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NEW YORK — According to a new study, alien conspiracy theorists are now the alien conspiracy majority! A survey of 2,000 adults in the United Kingdom finds six in 10 now believe it’s only a matter of time before Earth becomes the target of an alien invasion.

Thankfully, if things turn out like the movie “Independence Day,” 80 percent say they have a plan on how to deal with these space invaders. Unfortunately, many of those plans involve hiding under the bed or simply bursting into sheer panic.

The poll, commissioned by Beavertown and conducted by OnePoll in honor of World UFO Day on July 2, finds other “fool-proof” alien invasion plans include respondents calling their parents for help and stocking up on toilet paper. Others say they’ll flee to the countryside or simply make some tea and welcome their new alien overlords.

However, in the event of a real alien invasion, one in four admit they’ll just panic and wait for the “experts” to save the day.

UFO-friendly zone?

Perhaps surprisingly, most respondents are hoping for the best when humans make first contact with alien life. In fact, 63 percent say they’d welcome an alien if they saw one land nearby. Even more fascinating, one in 20 people claim they’ve already seen an extraterrestrial!

“UFO sightings are rising, along with belief in an alien presence,” says Nick Pope, the former head of UFO investigation for the British government’s Ministry of Defence, in a statement.

“On World UFO Day, and with a report on UFOs having been sent to the U.S. Congress, the topic has well and truly come out of the fringe and into the mainstream. Until recently, people who believed in UFOs were regarded as conspiracy theorists.”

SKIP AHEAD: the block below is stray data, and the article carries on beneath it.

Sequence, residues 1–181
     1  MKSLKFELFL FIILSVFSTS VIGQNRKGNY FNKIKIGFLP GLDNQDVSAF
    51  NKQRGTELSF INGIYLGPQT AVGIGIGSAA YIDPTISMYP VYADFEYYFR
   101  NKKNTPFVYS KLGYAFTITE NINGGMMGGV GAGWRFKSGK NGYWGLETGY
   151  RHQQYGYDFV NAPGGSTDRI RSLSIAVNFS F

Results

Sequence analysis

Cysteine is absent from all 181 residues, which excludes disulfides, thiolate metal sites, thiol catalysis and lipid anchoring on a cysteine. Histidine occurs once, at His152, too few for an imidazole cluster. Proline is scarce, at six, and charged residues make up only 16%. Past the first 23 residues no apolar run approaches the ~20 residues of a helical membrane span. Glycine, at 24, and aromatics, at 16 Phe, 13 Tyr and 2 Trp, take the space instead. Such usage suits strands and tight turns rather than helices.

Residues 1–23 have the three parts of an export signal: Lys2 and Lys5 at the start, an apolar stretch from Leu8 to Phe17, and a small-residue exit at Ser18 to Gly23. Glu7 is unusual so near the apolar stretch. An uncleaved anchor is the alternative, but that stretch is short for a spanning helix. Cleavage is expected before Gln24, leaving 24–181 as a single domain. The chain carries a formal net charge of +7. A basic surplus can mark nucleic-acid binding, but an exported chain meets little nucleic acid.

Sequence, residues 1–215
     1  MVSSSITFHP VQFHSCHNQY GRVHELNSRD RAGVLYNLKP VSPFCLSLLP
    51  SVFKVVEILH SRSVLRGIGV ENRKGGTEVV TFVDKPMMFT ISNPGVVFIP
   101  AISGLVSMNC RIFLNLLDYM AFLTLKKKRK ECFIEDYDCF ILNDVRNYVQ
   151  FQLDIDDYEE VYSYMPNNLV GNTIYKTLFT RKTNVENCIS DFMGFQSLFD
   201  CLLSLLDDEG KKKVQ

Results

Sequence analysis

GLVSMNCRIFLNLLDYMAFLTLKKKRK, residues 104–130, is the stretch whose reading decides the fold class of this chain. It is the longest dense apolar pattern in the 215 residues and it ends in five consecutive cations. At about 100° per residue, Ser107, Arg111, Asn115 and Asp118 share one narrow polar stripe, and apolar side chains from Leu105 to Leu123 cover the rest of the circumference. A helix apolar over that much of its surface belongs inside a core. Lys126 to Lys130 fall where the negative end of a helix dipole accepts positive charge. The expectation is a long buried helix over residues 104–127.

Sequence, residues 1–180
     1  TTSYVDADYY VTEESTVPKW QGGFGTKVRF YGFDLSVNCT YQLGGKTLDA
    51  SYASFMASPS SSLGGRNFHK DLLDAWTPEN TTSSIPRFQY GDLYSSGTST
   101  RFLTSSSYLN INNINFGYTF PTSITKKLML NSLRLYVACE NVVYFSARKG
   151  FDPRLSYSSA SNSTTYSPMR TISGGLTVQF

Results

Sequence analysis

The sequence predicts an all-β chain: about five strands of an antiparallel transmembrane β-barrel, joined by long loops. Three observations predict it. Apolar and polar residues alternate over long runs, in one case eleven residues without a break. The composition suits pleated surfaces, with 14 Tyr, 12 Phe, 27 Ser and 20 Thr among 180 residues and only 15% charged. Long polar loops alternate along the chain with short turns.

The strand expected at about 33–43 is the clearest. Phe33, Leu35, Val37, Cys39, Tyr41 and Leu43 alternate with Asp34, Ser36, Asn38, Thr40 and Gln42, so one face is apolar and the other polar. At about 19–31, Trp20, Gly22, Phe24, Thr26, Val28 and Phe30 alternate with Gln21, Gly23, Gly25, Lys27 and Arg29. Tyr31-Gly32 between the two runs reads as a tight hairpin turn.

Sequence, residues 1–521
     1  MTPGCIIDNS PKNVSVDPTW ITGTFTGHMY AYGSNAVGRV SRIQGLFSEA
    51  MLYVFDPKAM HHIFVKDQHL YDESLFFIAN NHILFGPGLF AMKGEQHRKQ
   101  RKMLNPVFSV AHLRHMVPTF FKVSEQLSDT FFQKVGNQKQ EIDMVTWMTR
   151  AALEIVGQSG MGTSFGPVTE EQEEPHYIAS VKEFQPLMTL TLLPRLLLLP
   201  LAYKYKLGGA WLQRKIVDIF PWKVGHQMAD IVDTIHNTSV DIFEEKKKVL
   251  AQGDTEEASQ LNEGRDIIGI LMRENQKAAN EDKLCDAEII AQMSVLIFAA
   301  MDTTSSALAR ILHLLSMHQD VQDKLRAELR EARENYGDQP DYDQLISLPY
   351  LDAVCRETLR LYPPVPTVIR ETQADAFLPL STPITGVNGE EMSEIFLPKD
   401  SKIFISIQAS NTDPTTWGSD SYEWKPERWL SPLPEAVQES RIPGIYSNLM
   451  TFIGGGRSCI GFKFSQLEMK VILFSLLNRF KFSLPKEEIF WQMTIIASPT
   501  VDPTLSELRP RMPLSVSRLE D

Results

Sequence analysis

“With pilots, radar operators and intelligence community personnel coming forward and speaking about their experiences, the subject is now being taken seriously within the government,” Pope continues. “We should remember that the sceptics have to be right every single time, whereas the believers only have to be right once. Are we alone or not in the universe? Are we being visited by aliens?”

“These are some of the biggest and most profound questions we can ask, and now we’re closer than ever to getting answers.”

Google, how do I survive an alien invasion?

While most Brits are hoping for the best when UFOs start landing, plenty of respondents have other tips on preparing for the worst. Just making it into the top 10 most common things to do during an alien attack, some respondents plan to make a bunch of weapons out of household items.

Further down the list, a number of Brits will simply ask Google what to do. Specifically, they plan to search for helpful advice from survival expert Bear Grylls. Meanwhile, other respondents are going to re-watch for favorite alien invasion movies, in the hope of finding inspiration to save the Earth.

For all the managers who still plan on showing up to work when aliens invade, don’t worry, the poll finds one in 10 employees plan to phone their boss just to let them know they won’t be coming into work that day.

Maybe aliens will be nice after all

Regardless of how people want to prepare, 65 percent of respondents believe world governments should have a plan ready for an alien invasion. Despite those fears, 11 percent are holding out hope that aliens will be just like the friendly visitors in “E.T. the Extra-Terrestrial.”

“It’s instinctive to fear the unknown but why shouldn’t aliens be friendly?” Pope asks. “On-screen they’ve arguably had a bad rap so it’s nice to see some optimism – that so many people believe E.T. to be the closest reflection on what aliens are like – I hope they’re right.”


  1. Rely on experts to sort it out
  2. Panic!
  3. Run to the supermarket for essentials
  4. Barricade all doors and windows
  5. Escape to the countryside
  6. Turn off all the lights at home and hope the aliens think they’re not in
  7. Put the kettle on
  8. Build a bunker
  9. Stock up on toilet paper
  10. Fashion a weapon using household objects

About Chris Melore

Chris Melore has been a writer, researcher, editor, and producer in the New York-area since 2006. He won a local Emmy award for his work in sports television in 2011.

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